Sunday, July 5, 2009

Obama's New Critic, Colin Powell

Does anyone remember Colin Powell? He was Barack Obama's secret weapon. His endorsement of Barack Obama shortly before the November elections was a welcome bit of support. When a Gulf war general and a Secretary of State in a Republican administration switches sides, it is good news for the Democrats.

Now it seems that Colin Powell is starting to have some second thoughts about Barack Obama. The Washington Times reports as follows.

"Colin Powell, one of President Obama's most prominent Republican supporters, expressed concern Friday that the president's ambitious blitz of costly initiatives may be enlarging the size of government and the federal debt too much.

"I'm concerned at the number of programs that are being presented, the bills associated with these programs and the additional government that will be needed to execute them," Mr. Powell said in an excerpt of an interview with CNN's John King, released by the network Friday morning."

Although Mr. Powell made it clear that he sees the importance of health care and other social programs, he expressed concern about the untenable price tag of a wide ranging menu of social welfare programs. The CNN transcript quotes him as follows.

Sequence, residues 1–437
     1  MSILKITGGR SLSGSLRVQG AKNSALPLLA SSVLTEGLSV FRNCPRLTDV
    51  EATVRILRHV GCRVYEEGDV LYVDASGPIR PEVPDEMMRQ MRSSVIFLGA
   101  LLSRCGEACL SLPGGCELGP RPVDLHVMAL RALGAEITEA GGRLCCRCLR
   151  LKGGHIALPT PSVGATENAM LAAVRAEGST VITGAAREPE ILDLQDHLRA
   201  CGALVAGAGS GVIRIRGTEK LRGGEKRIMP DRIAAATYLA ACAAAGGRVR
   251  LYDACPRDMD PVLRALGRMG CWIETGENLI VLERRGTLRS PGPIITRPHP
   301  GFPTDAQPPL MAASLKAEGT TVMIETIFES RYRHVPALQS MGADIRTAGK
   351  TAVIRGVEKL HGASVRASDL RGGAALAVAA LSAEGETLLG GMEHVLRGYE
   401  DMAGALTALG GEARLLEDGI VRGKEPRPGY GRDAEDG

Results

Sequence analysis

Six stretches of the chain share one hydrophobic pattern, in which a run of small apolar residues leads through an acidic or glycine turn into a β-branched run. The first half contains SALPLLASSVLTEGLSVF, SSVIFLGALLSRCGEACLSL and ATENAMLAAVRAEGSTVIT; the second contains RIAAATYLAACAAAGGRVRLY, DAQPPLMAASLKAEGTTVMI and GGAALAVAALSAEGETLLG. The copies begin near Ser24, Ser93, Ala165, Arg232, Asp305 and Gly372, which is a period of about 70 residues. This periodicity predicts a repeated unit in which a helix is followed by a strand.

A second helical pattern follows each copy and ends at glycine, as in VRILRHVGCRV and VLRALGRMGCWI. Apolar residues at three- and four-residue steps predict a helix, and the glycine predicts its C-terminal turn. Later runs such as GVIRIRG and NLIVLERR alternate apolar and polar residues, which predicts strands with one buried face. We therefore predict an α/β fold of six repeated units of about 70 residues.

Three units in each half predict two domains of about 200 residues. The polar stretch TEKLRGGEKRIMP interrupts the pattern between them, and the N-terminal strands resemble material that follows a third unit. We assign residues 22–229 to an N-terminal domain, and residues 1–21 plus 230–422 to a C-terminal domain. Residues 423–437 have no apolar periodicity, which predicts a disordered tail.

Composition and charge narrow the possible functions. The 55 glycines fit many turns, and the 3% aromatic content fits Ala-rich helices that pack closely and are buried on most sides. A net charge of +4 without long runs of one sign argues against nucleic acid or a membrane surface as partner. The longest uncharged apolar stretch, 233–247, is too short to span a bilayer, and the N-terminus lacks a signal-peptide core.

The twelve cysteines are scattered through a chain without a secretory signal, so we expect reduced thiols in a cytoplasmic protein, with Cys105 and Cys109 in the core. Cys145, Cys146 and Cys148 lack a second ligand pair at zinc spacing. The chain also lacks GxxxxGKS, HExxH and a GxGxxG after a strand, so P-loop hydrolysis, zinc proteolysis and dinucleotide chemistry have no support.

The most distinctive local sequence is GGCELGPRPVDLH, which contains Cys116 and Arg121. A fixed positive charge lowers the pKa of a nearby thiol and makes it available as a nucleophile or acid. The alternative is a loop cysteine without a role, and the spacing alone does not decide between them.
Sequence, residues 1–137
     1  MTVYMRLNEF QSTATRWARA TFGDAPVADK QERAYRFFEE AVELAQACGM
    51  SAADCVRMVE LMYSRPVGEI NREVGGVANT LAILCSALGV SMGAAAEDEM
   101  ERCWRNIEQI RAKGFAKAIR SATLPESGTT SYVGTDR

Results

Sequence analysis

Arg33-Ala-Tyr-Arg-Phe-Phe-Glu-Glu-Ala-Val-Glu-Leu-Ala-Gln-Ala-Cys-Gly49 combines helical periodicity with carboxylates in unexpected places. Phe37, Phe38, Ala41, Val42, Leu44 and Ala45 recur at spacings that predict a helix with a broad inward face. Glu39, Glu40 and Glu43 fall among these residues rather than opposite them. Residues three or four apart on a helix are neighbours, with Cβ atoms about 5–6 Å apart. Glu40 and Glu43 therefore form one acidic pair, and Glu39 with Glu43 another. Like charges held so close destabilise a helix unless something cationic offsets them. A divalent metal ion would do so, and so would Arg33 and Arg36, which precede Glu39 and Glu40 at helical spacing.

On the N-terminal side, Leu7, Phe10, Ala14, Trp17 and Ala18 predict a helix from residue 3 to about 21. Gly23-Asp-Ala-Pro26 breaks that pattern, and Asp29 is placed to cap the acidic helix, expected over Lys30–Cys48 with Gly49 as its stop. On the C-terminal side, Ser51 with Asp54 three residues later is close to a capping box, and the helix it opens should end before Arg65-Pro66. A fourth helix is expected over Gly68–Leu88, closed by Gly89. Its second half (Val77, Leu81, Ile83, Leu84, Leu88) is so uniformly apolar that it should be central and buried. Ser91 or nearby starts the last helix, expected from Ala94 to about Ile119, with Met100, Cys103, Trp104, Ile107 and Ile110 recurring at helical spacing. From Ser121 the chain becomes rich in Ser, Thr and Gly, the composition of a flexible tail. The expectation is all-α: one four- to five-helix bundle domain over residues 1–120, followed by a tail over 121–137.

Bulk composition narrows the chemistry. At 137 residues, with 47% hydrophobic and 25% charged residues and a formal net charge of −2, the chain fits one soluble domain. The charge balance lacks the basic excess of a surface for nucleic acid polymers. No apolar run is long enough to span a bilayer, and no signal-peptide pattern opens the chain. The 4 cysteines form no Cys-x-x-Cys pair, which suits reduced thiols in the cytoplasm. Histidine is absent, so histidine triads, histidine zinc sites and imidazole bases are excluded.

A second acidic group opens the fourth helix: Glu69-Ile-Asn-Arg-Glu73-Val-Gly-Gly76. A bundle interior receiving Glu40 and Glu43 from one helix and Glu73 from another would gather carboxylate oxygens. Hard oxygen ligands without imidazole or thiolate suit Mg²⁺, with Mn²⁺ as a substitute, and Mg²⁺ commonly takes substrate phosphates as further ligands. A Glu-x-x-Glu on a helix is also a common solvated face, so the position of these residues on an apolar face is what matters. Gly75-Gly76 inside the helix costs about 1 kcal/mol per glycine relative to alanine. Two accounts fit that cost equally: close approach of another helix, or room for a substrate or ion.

"One of the cautions that has to be given to the president -- and I've talked to some of his people about this -- is that you can't have so many things on the table that you can't absorb it" all."

Now it seems that the Obama administration is going to experience the joy of George Bush of having Colin Powell as a supporter. For the time being, Colin Powell seems to be the Obama administration's in house policy critic. His latest comments are a sensible breath of fresh air. Indeed, I hope they will be heeded. But what was he thinking when he endorsed Obama in the first place? Did he not see this day coming?

Colin Powell is an able and informed commentator and critic. He would do well to write a regular column. "On the Fence" might be a good title. Standing apart from both political parties and sharing his wisdom from years as an insider would be a valuable contribution. With Iran, Honduras and North Korea looming as serious issues on different continents, words of wisdom from a former Secretary of State would be welcome. Despite Powell's rapidly shifting political loyalties, or perhaps because of them, it would be worthwhile for Powell to be a regular voice in the print or broadcast media. I hope to hear more from him in the future. Sphere: Related Content

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